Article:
CHECKING — IN —
Gulf Business|June 2021
The region’s biggest travel and tourism event, Arabian Travel Market, held a successful in-person and virtual edition last month in Dubai. And the big question predictably was – has the industry started to recover? Are travellers stepping back on airplanes and ready to explore new destinations as the industry adapts to the Covid crisis? Aarti Nagraj has more details
Aarti Nagraj 

It was a different experience attending the Arabian Travel Market (ATM) exhibition at Dubai World Centre this year.

The absence of snaking queues at the entrance, the lack of ceaseless chatter in the main hallways as masked-up attendees consciously avoided bumping against each other, the now-ubiquitous sanitiser dispenser at every booth, glass partitions separating tiny meeting tables – all reminders that we firmly remain in the midst of a global pandemic. And yet there were also plenty of recaps of past exhibitions – whether it was looking at a spectacular display of the mega projects emerging in Saudi Arabia, country pavilions with culturally adorned hosts showcasing local delicacies, or the new premium economy seats that Emirates displayed at its stall – all of which served as beacons of hope that we are slowly but surely recovering from the crisis.

The global travel and tourism sector suffered a loss of almost $4.5 trillion from 2019 to reach $4.7 trillion in 2020, with its contribution to GDP dropping by a staggering 49.1 per cent year-on-year, according to the latest data released by the World Travel and Tourism Council (WTTC). The sector contributed 5.5 per cent to global GDP in 2020 due to ongoing restrictions to mobility, down from 10.4 per cent in 2019.

Meanwhile, due to the impact of the Covid crisis, 62 million jobs were lost in the sector last year, with 272 million employed across the sector globally – down from 334 million in 2019. Domestic visitor spending decreased by 45 per cent, while international visitor spending declined by an unprecedented 69.4 per cent, the WTTC report said.

“In 2020, we faced a new period of extreme uncertainty with the Covid-19 pandemic impacting economies globally. There is no doubt that it brought considerable challenges for the hospitality sector. However, thanks to the UAE government, the industry has already taken proactive steps to halt the spread of the virus,” explains Guy Hutchinson, president and CEO of Rotana group.

“Hotels in the Middle East have shown resilience throughout the pandemic, with performance at higher levels compared to other parts of the world,” hospitality data provider STR said in a report earlier this year. “Dubai was virtually the only tourist destination open for international leisure travel.”

Dubai welcomed over five million international visitors in 2020 and 1.26 million visitors in the first quarter of 2021, according to Issam Kazim, CEO of Dubai Tourism. According to preliminary STR data for April, Dubai’s hotel industry reported its highest room rates in three months during the month, with average occupancy at 59.7 per cent, average daily rate (ADR) standing at Dhs576.33 and revenue per available room (RevPAR) reaching Dhs343.94.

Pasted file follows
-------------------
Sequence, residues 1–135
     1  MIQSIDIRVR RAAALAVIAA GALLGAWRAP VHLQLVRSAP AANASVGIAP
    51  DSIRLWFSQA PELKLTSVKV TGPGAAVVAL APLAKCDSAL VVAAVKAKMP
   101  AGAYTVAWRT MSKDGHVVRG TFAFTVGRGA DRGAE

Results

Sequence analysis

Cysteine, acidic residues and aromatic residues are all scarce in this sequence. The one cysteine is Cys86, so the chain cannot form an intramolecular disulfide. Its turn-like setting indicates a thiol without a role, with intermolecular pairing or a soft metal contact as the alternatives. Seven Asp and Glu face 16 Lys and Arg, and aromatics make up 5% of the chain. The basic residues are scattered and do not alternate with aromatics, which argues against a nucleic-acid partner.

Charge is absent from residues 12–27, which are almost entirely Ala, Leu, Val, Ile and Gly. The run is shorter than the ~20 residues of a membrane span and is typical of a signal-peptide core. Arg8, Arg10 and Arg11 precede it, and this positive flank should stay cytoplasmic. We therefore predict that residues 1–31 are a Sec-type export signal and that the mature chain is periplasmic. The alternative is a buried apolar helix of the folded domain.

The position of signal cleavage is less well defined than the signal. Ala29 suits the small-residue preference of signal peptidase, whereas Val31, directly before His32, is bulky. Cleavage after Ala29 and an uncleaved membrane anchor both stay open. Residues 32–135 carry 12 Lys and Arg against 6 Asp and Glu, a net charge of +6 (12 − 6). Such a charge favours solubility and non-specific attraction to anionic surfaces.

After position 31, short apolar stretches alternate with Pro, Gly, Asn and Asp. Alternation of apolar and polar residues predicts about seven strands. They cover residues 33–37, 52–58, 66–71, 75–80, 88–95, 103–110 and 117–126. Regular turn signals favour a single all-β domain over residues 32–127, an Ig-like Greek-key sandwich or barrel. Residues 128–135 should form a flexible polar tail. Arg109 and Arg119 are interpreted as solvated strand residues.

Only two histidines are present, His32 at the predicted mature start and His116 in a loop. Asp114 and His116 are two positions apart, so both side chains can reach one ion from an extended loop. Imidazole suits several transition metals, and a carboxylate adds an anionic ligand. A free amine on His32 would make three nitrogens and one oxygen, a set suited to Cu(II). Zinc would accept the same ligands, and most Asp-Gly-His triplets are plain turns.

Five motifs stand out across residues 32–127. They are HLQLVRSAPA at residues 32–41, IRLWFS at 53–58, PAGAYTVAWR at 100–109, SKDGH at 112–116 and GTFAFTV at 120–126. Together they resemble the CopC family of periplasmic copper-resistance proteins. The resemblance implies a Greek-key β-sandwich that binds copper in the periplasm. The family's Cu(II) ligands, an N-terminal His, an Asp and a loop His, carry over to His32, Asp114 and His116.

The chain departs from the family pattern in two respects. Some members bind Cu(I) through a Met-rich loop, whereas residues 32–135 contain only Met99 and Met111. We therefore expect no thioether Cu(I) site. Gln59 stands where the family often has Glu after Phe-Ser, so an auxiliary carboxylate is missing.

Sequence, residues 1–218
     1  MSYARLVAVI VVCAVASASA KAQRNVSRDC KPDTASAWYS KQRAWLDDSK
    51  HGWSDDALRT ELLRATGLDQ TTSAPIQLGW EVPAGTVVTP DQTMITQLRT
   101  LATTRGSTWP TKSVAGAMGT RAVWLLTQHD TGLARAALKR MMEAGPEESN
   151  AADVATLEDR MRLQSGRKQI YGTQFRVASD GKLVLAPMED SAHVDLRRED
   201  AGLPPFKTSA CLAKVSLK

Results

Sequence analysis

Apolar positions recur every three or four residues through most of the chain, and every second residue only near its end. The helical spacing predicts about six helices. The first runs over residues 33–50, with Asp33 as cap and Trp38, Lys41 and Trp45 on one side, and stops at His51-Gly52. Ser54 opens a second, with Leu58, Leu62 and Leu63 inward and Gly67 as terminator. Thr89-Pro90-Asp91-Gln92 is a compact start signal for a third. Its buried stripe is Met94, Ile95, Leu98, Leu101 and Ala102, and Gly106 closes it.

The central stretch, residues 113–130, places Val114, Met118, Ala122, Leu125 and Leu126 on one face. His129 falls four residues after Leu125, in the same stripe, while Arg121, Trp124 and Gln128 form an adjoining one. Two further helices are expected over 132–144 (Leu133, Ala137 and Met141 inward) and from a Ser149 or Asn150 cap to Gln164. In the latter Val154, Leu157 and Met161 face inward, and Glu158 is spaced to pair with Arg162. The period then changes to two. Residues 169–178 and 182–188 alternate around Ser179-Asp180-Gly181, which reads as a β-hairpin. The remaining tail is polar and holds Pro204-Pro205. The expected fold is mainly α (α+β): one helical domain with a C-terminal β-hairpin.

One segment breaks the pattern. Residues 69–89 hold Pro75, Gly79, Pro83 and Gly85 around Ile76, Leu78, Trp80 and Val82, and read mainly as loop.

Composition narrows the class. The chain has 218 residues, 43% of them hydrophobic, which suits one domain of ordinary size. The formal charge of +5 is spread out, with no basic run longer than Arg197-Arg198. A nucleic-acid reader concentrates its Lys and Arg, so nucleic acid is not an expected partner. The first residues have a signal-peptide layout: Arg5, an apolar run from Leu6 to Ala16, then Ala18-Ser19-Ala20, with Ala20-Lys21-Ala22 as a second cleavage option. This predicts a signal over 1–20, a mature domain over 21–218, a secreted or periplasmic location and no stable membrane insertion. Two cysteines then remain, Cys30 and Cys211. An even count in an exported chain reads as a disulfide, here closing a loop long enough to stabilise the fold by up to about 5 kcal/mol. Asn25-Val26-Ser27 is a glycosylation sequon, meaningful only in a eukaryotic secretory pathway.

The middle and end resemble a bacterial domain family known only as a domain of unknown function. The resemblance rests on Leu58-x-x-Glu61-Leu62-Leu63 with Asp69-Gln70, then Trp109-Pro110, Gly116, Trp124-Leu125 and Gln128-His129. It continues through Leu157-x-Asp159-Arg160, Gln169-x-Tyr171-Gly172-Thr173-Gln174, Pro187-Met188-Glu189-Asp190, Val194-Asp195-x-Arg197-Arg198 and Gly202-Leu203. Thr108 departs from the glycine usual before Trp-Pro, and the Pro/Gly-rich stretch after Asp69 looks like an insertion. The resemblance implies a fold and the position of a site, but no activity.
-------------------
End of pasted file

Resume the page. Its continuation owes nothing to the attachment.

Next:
“Hotels in the UAE were the world’s second busiest after China in 2020 due to government efforts to contain the spread of the Covid-19 virus and encouraging domestic tourism, with several measures implemented to accelerate the sector’s recovery,” says Hutchinson.

“The UAE is preparing to further drive tourism efforts this year as a result of the safety protocols in place for the arrival of international tourists, alongside major events lined up for 2021. Aside from the initial set back, the tourism sector started opening up by the last quarter of 2020, with proactive measures and protocols in place to tackle the Covid-19 pandemic and ensure business continuity.”

Rotana currently operates 68 hotels in 24 cities across 14 countries, including 10,012 keys across 36 hotels in the UAE. The group’s pipeline consists of 40 upcoming projects including 10 that are slated for delivery in the next three years adding over 3,000 keys to the market.

“We will continue to strengthen our footprint in the UAE to meet the predicted growing demand for hotel rooms in the upscale segment in 2021. Our upcoming properties will help meet the pent-up demand anticipated during and beyond Expo 2020 this year and will help ramp up overall room capacity, which is crucial in achieving the city’s ambitious tourism vision,” adds Hutchinson.

CLIMBING NEW PEAKS

One of the major announcements at ATM this year came from the emirate of Ras Al Khaimah, with the Ras Al Khaimah Tourism Development Authority (RAKTDA) revealing ambitious plans to develop over 20 sustainable tourism development initiatives across the emirate with an investment of Dhs500m, in partnership with RAK Hospitality Holding and RAK Chamber of Commerce and Industry.

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